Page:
Early Detection Can Prevent Many Costly Hoof Problems

A friend and client that I shod for several years ago moved to the other side of Austin from Where I live in Liberty Hill. Due to the distance, she started using a farrier closer to her. She contacted me a couple of years ago and said her horse had foundered and wanted me to work with her veterinarian to help the horse. The vet took x-rays and it was determined there was mild rotation of the coffin bone and less than 5mm. sole depth. After a year of therapeutic shoeing. The horse is back to work and my son is now doing the maintenance hoof care.

After eleven years of studying x-rays on every therapeutic case I work on, it is quite apparent that many farriers and especially the ” bare foot trimmers ” have no concept of SOLE DEPTH. This is the distance between the solar perimeter ( bottom edge ) of the coffin bone and the ground. Just below the bone, sandwiched between the bone and the ground is the corium of the hoof. The corium contains the blood vessels, and nerve endings of the sole. A healthy corium requires a minimum of 5mm. space beneath the bone to produce sole mass, and a minimum of 10mm. to support and protect the corium. This is a MINIMUM sole depth of 15mm.

Farriers are taught to be able to determine this depth from external indicators of the sole and frog junction. We are also taught to estimate the position of the coffin bone externally. Years of looking at medial/lateral balance of the hoof wall, level or straightness of the coronary band solidifies the way each individual farrier interprets these indicators. What might be straight or level to me may not be straight or level to another farrier or the veterinarian. I have found that confirming the external indicators by comparison to the x-ray will catch many misinterpreted assumptions and helps to develop a more accurate eye.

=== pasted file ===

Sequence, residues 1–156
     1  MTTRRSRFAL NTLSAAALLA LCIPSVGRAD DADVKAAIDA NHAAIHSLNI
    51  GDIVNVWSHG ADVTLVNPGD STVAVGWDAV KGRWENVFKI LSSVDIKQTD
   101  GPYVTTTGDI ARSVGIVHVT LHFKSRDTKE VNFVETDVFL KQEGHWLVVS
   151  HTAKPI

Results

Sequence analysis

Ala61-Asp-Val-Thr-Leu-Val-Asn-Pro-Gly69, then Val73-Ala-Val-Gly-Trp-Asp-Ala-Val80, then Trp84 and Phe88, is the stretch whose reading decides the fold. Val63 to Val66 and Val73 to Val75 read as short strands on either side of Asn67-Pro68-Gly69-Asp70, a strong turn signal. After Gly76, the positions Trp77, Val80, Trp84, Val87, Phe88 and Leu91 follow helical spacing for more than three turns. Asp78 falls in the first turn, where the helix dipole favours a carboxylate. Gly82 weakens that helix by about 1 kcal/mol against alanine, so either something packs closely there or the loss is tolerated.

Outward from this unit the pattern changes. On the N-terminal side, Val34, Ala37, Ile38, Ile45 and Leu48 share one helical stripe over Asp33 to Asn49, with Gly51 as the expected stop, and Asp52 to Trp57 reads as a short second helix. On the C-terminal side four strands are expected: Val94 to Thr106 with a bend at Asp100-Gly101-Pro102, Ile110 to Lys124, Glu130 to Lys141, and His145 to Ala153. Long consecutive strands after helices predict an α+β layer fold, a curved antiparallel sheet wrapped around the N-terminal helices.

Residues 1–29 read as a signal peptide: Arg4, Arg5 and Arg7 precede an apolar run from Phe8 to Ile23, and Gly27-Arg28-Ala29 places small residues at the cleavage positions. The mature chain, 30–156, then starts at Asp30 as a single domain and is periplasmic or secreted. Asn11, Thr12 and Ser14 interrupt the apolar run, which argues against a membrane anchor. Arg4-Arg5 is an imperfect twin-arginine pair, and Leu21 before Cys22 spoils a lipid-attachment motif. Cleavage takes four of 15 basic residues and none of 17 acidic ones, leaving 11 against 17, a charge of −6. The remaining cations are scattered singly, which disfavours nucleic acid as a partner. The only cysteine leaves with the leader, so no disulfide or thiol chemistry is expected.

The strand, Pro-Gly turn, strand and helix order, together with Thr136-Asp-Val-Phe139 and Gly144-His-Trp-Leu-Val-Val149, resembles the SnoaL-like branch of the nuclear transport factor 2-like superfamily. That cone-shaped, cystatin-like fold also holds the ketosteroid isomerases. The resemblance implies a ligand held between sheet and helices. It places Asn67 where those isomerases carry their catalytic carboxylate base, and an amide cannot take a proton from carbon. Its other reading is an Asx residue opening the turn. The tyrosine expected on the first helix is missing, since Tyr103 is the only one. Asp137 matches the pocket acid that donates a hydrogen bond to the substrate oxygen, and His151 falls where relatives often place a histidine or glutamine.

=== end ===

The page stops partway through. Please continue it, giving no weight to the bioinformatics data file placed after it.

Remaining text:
Sole depth ( hoof mass ), joint alignment and bone alignment . are critical to a healthy hoof ( barefoot or shod ). Periodic x-rays ( every couple of years ) can be a great tool to help your farrier stay on track and catch minor problems before they become big problems. Periodic x-rays of my friends horse would have shown the  decreasing sole depth and emphasized the long toe and improper load bearing of the hoof  before it became a lengthy and expensive correction process.

The terms used , weight distribution, basic anatomy, and the physics that explain the function of a healthy hoof are subjects covered in the basic podiatry clinics being held this fall. Clinic dates will be posted as they are confirmed.

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2 Responses to “Early Detection Can Prevent Many Costly Hoof Problems”

  1. Cher Brock Says:

    You brought tears to my eyes after reading this. Montana and I can’t Thank You enough for all your education, dedication and hard work to get her back on her feet! You are truly an amazing man!

    • Cher, non of the work we do as farrier or veterinarian is successful without the owners part in the podiatry team. Your diligence and owner compliance with our instructions complete the recovery process. Your understanding of the maintenance process will allow Montana to be a usefull horse for years to come.

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